Cross-cultural assessment and research
Chapter by: Okazaki, Sumie; Ling, Ariane; Wong, Stephanie N; Tu, Ming-Che
in: Diversity in couple and family therapy: Ethnicities, sexualities, and socioeconomics by Kelly, Shalonda [Eds]
Santa Barbara, CA, US: Praeger/ABC-CLIO, 2017
Taoist Cognitive Therapy: Treatment of Generalized Anxiety Disorder in a Chinese Immigrant Woman
Chang, Doris F.; Hung, Tiffany; Ng, Nancy; Ling, Ariane; Chen, Teddy; Cao, Yuping; Zhang, Yalin
This case report describes the application of Taoist cognitive therapy (TCT) to a 32-year old Chinese (Fujianese) American immigrant woman with generalized anxiety disorder (GAD). TCT is a manualized adaptation of an indigenous psychotherapy developed in China (Zhang & Young, 1998; Zhang et al., 2002). Mrs. Liu received 16 sessions of TCT administered in Mandarin by a Chinese American social worker in conjunction with psychopharmacologic treatment. Sources of data included case notes, transcripts of session recordings, client thought records, and a battery of standardized measures. Mrs. Liu presented with significant guilt regarding her perceived failures to fulfill her filial obligations postmigration, which resulted in constant worry about family members' health, reassurance-seeking, and controlling behavior. Her anxiety and worry were conceptualized as the result of rigid attachments to beliefs, goals, and desires that are not reflective of the natural order of the universe (Tao). Mrs. Liu was guided in reevaluating stressful situations from the perspective of 8 Taoist principles that promote collective benefit, noncompetition, moderation, acceptance, humility, flexibility, wuwei (nonaction), and harmony with the laws of nature. Clinically significant reductions in anxiety, worry, and experiential avoidance were observed after 16 sessions. However, results were attenuated by the 4-month follow-up due to acute stress surrounding her husband's deportation proceedings. This case highlights how immigration-related stressors, including transnational family separation and cultural values, can shape the experience and expression of GAD. Further, the positive treatment response provides some evidence of the acceptability and applicability of TCT to Chinese immigrants with GAD.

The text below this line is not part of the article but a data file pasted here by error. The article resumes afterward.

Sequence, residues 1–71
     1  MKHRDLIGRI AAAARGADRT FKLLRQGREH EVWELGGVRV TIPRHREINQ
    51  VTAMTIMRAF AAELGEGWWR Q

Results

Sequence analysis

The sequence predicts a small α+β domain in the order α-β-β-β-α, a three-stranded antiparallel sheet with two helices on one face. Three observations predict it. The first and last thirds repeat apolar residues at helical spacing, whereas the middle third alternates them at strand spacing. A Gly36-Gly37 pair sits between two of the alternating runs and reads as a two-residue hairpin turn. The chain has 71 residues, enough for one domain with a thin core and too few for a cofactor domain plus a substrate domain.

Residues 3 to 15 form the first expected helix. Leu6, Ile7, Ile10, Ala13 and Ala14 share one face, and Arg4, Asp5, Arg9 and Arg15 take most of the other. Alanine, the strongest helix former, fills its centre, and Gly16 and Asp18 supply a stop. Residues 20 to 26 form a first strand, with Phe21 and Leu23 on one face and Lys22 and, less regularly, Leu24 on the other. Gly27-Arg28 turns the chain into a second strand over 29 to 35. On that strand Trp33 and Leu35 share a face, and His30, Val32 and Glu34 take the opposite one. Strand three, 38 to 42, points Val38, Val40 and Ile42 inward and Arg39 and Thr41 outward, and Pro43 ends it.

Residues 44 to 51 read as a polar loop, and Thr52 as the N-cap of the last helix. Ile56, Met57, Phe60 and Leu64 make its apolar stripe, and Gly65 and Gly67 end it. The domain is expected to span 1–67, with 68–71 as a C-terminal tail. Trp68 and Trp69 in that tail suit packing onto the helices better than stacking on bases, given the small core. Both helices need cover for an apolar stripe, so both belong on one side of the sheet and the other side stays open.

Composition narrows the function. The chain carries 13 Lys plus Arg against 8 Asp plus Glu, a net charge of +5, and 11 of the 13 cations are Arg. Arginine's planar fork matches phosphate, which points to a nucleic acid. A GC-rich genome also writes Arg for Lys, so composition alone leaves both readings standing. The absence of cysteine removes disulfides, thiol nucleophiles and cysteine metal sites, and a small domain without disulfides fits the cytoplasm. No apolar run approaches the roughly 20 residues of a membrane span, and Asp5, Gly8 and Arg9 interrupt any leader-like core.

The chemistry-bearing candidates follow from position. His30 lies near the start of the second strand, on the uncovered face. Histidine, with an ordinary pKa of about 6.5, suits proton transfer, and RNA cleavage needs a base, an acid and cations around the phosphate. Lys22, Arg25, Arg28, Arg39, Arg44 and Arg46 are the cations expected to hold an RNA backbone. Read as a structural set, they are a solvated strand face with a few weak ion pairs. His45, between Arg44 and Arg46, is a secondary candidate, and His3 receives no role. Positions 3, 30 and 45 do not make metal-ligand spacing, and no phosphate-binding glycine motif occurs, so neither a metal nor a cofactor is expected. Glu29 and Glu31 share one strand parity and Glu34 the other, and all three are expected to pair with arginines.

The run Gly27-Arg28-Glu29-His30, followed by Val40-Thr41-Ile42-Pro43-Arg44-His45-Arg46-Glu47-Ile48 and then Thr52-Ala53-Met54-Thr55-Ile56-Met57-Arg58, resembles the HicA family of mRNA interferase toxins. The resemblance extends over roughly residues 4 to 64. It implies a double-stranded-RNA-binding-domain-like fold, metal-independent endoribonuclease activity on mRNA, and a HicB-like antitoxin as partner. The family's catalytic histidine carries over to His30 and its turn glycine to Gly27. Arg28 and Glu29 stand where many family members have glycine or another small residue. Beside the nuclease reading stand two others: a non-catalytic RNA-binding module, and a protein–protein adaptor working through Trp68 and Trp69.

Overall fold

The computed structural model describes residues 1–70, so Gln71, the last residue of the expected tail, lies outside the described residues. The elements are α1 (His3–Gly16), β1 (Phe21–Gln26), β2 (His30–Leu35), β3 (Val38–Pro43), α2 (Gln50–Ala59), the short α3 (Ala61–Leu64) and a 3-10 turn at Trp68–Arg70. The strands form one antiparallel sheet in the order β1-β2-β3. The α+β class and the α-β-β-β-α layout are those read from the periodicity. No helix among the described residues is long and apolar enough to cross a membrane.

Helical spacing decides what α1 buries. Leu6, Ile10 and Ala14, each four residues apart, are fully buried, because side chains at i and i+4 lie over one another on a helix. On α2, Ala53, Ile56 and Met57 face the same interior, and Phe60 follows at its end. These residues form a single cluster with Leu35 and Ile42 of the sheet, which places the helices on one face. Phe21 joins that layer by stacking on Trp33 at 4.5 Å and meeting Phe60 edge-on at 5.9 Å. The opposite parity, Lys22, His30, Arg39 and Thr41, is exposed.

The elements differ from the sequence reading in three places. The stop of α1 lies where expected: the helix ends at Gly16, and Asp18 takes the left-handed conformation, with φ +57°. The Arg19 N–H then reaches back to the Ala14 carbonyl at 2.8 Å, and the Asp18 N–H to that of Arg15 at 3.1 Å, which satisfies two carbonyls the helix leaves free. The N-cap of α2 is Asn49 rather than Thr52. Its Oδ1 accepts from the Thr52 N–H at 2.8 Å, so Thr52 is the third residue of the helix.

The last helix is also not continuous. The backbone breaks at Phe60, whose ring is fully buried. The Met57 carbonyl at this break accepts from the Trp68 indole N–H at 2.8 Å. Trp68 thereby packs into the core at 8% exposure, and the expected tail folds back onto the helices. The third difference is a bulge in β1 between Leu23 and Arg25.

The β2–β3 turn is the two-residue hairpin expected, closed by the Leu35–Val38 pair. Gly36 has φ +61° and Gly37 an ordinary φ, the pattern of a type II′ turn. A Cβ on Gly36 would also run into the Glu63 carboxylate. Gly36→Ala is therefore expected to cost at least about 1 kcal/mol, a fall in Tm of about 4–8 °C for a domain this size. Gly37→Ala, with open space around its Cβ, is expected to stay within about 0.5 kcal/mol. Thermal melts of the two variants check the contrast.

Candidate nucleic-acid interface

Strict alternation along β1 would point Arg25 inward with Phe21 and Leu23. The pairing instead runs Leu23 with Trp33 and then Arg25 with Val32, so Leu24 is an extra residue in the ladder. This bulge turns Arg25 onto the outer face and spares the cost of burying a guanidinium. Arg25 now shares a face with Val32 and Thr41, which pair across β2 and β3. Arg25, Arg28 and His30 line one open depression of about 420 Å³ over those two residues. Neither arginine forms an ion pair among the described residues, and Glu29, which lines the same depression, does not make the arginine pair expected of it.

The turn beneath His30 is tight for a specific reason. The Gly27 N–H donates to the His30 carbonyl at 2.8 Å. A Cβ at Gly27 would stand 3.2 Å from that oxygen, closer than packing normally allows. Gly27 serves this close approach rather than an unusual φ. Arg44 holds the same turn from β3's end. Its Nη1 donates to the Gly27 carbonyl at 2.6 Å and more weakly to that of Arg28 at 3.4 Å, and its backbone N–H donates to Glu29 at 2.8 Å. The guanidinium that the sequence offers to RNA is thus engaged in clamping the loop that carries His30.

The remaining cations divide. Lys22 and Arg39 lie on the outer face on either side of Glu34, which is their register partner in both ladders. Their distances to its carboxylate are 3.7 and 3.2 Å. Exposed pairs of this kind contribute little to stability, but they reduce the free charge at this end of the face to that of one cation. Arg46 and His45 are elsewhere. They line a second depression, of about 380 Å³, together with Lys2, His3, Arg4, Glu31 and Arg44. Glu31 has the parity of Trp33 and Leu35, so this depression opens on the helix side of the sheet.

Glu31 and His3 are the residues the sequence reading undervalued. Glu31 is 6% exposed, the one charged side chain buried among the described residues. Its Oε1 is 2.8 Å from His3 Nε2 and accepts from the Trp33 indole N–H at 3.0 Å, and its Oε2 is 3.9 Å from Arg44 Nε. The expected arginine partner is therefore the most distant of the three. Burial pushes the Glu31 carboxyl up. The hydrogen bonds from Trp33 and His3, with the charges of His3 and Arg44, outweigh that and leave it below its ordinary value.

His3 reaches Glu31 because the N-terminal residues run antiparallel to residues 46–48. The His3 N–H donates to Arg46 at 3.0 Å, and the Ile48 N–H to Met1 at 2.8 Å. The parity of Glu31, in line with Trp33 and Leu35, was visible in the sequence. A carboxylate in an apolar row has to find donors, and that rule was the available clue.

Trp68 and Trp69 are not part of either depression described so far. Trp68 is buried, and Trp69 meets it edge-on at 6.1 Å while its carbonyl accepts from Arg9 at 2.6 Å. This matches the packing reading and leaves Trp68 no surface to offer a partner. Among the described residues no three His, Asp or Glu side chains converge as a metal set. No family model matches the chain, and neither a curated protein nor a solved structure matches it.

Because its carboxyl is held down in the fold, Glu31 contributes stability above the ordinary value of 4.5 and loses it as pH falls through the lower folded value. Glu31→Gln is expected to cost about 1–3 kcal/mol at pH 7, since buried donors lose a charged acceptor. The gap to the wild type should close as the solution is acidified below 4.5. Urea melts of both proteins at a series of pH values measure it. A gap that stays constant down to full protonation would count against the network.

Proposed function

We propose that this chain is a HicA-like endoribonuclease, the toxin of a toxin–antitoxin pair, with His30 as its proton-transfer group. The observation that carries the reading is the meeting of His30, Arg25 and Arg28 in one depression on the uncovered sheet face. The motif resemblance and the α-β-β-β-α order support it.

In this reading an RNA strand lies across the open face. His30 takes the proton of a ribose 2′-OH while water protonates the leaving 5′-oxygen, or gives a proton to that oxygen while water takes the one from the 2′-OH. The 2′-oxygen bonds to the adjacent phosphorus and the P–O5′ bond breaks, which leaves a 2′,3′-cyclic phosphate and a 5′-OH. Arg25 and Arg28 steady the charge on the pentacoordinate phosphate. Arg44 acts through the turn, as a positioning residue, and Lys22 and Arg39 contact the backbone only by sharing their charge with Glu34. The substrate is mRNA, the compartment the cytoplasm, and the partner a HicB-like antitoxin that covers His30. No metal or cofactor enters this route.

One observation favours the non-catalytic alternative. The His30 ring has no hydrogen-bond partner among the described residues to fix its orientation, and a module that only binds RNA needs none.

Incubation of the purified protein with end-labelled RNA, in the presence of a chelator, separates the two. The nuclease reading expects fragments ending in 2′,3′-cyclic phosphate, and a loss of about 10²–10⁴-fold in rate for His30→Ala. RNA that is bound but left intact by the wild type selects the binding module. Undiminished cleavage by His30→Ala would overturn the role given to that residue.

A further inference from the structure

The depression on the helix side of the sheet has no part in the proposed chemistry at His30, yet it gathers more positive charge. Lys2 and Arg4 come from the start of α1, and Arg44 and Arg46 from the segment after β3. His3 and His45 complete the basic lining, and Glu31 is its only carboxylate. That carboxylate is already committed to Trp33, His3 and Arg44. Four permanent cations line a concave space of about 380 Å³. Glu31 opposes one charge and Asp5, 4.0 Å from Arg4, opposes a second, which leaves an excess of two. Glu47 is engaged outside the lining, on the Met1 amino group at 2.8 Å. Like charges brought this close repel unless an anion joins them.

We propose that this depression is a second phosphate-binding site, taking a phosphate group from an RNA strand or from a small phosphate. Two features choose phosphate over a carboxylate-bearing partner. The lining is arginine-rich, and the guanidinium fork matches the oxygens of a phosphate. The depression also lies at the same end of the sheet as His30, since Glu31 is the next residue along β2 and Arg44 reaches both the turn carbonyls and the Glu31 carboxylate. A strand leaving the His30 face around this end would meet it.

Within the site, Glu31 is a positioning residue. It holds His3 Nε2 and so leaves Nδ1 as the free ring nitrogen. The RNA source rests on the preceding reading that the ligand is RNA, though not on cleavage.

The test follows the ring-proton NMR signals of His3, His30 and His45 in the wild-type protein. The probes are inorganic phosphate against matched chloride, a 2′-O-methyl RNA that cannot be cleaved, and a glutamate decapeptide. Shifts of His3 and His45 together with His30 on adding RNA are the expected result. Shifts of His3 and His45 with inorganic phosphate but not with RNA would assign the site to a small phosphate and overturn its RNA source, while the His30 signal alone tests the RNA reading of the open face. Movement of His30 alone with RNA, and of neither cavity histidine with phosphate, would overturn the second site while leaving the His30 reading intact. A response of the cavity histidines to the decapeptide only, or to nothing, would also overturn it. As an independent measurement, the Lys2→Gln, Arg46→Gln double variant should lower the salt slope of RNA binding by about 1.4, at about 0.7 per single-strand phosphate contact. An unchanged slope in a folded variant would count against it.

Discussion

Challenges in Meeting the Mental Health Needs of Urban Asian American Adolescents: Service Providers' Perspectives
Ling, Ariane; Okazaki, Sumie; Tu, Ming Che; Kim, Joanna J.
Although Asian American youth are often viewed as the model minority group who are doing well, research with youths, parents, and school personnel have documented significant unmet mental health needs among this population. However, little is known about the perspectives of service providers who work with Asian American youth in afterschool and mental health care settings with respect to what they perceive as challenges meeting the psychosocial needs of the population. The current exploratory study used Consensual Qualitative Research to analyze in-depth interviews with mental health providers, educators, and advocates working with Asian American youths in a multiethnic large urban environment. Results found that service providers were attuned to the multiple needs of the community but also spoke of challenges in meeting basic and psychological needs due to difficult family dynamics, structural stressors (e.g., economic and legal), and societal stigma and discrimination. We draw implications for providing more integrated services across different levels of urban Asian American adolescents' ecological system to better meet the psychosocial challenges facing this population. © 2014 Springer Science+Business Media New York.
Assessing and Treating Asian Americans: Recent Advances in Mental Health Research
Chapter by: Okazaki, Sumie; Ling, Ariane
in: Handbook of Multicultural Mental Health: Assessment and Treatment of Diverse Populations by
[S.l.] : Elsevier Inc., 2013